Dried mint is an important ingredient in many Middle Eastern dishes, and it shows up in many of my recipes. While dried mint can be hard to find in the supermarket, the good news is that it's really easy to make at home, and fresh mint is pretty easy to come by. It may be tempting to use fresh mint when dried is called for, but they each have an entirely distinct flavor.
where to find it
You can find dried mint in most Middle Eastern markets, online, or in grocery stores with large imported foods sections. Occasionally, it'll be in the spice section with all the baking stuff, but more often you'll find it in the ethnic food aisles. In Chicago, I've had the most luck finding it at Fresh Farms. While store-bought is great in a pinch, I prefer the flavor of mint that I dry myself.
how to make dried mint
There are two different ways to make dried mint at home: the fast way and the slow way. If you happen to have a food dehydrator, then there's a third medium option, but for the sake of this post, I'm going to assume that you, like me, don't have one.
The fast way will get you dried mint that doesn't have quite as much flavor as the slow way, but it works great. In either case, just remember to use more fresh mint than you think you'll need for the recipe because the leaves will shrink down significantly. You can store whatever you have leftover for future use.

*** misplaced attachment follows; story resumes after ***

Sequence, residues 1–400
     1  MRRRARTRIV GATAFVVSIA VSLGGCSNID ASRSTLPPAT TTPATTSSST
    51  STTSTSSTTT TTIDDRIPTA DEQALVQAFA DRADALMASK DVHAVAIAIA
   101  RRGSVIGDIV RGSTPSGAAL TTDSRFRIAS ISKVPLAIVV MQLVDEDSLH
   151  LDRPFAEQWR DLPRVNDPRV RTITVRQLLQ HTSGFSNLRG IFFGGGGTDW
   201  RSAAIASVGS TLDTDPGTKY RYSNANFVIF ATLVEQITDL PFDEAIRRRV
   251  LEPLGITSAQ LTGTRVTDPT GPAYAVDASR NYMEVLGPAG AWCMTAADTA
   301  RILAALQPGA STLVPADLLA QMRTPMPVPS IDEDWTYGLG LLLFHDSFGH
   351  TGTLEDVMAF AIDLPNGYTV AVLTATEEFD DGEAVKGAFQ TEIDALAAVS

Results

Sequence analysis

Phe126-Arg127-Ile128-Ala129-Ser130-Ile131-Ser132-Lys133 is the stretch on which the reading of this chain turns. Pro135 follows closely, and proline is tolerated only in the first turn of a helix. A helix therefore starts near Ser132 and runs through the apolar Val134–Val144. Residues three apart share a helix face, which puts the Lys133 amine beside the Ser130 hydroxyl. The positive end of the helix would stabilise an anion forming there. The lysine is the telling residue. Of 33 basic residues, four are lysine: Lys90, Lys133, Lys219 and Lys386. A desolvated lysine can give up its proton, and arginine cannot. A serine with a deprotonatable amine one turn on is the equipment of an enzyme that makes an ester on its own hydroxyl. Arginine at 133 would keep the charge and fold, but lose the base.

The fast way: in the oven
Wash and towel-dry fresh mint sprigs and remove them from their stems. Make sure they don't have any water clinging to them.
Place the mint leaves in a single layer on a parchment-lined sheet pan and dehydrate in the oven at it's coolest possible setting (often 180° F) for about an hour, or until the leaves are crunchy and dry (check on them after 30 minutes). Use the convection setting to speed this up. Do not cook them past crunchy-and-dry or they will lose flavor.
The slow way: in the refrigerator
For this, you need a refrigerator that does not get humid (AKA a frost-free refrigerator). If you're unsure, try experimenting with a really small batch of mint first, to make sure your refrigerator is low-humidity.
Wash and dry fresh mint sprigs. Make sure you dry them very well so that no water is clinging to them (I shake them off really well and then blot the leaves with a towel).
Cut the leaves from the stems and discard all stems.
Loosely bundle the mint leaves up in one or two layers of dry paper towel. Make sure they're very loosely packed, and not tightly wadded up. The leaves need to be able to breathe, or they will get moldy before they dehydrate.
Place the paper towel bundle on a clean shelf or low-humidity crisper drawer and check on it every couple days. If the mint starts to mold, discard it. It should wilt, become darker, and become crumbly after about 1 to 2 weeks (depending on the humidity of your refrigerator).